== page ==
When the economy was good and everyone was enjoying life with nary a worry, you might see one posting a day from Craigslist, usually from someone who was going to upgrade his Ikea bed to something sturdier. Or one of the English teachers moving to a new prefecture and not planning to move everything with him.
I like the fact that the foreign, and especially Japanese, community are very conscious of the environment. Recycling is big, every household is expected to separate their garbage and encouraged to be eco-friendly. 2nd hand shops take in unwanted but usable stuff, clean/fix them up, then sell to those who are interested.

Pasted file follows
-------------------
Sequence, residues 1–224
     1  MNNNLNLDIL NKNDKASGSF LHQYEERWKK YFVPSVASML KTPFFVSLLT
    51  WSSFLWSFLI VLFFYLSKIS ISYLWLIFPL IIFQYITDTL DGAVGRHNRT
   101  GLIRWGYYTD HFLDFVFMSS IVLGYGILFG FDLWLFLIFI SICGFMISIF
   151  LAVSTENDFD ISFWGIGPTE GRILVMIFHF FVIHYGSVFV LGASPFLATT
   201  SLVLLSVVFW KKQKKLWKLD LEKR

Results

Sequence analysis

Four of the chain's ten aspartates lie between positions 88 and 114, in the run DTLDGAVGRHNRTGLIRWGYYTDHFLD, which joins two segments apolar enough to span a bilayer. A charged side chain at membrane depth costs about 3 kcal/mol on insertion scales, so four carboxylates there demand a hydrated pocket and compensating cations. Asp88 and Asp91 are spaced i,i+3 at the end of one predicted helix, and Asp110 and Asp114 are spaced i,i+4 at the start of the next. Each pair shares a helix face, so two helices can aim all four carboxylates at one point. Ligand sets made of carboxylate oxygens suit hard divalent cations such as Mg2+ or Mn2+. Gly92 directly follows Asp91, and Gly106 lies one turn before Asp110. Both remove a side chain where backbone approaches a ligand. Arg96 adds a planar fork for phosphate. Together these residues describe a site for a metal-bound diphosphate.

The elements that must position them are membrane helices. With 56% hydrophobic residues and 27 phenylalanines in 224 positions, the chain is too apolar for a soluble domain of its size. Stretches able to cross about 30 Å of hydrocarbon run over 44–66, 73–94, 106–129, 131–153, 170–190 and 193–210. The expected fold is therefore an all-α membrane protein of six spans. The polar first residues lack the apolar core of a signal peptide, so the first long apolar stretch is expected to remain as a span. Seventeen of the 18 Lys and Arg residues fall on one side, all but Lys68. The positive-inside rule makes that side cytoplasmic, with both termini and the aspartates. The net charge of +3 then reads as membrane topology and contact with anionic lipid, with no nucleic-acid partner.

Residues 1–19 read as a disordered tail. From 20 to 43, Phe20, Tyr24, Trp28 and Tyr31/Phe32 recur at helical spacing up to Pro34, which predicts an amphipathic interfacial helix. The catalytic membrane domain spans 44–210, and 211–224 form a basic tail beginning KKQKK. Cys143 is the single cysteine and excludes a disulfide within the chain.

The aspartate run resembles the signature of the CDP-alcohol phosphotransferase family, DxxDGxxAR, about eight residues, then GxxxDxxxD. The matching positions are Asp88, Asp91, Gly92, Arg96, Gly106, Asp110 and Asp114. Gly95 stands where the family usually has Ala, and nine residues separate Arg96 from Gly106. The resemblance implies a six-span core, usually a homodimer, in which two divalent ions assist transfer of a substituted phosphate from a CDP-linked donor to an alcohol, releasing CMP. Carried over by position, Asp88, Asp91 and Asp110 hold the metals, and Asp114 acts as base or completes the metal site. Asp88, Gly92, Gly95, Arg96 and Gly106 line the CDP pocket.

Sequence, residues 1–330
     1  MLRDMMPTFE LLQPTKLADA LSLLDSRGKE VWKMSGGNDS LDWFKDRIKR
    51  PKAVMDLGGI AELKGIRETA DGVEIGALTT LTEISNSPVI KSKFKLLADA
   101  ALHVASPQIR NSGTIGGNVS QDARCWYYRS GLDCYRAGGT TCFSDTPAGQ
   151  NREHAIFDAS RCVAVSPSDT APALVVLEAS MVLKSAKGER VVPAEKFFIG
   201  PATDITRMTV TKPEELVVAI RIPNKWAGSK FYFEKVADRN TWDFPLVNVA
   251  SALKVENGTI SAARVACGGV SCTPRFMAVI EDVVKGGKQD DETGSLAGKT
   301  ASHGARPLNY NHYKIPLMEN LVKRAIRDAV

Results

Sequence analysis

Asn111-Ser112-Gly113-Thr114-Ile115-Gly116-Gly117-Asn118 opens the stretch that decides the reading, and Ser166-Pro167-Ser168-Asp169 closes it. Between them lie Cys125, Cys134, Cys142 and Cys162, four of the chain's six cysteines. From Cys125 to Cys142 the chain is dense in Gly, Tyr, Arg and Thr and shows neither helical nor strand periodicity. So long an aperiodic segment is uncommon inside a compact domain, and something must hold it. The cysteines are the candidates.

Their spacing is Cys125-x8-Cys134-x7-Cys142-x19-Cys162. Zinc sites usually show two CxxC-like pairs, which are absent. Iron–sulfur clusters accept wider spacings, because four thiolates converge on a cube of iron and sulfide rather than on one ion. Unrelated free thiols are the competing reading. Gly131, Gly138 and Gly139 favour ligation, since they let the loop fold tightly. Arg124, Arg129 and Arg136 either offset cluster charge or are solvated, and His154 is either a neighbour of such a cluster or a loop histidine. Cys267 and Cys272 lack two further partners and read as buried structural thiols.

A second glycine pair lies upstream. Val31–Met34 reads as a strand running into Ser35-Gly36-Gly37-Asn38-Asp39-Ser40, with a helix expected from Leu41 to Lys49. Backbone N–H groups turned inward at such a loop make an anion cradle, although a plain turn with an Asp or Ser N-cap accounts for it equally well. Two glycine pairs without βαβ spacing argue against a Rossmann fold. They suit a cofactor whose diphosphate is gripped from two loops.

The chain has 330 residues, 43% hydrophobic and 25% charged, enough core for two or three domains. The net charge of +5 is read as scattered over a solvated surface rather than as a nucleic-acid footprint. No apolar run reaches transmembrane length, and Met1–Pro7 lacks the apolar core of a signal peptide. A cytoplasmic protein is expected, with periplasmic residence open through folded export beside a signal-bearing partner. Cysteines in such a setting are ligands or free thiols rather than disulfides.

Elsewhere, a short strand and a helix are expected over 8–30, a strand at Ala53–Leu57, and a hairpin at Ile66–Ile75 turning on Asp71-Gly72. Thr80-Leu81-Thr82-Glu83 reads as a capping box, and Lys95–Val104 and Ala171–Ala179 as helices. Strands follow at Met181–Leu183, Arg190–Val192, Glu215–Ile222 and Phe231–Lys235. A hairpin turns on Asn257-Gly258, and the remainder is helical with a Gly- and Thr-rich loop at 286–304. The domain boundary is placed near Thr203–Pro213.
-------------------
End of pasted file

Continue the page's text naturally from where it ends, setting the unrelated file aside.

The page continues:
Book Off's for good bargains. Knowing the Japanese, they take the effort to clean and ensure that what you purchase is still in good condition. A lot of the furniture and electrical items that I had were mostly hand-me-down's and second-hand goods. Like the table above was bought at a steal at only JPY50, and the heater below at no more than JPY500.
It's definitely much fun when living in a student community because the items go around easily. The winter warmers I inherited from a Filipino student were donated to the church for their charity bazaar, the kitchen cabinet and table my Malaysian senpai sent me were given to incoming Indonesian students, the trusty bicycle that brought me around Niigata was passed on to Gene, who had not cycled in his life before.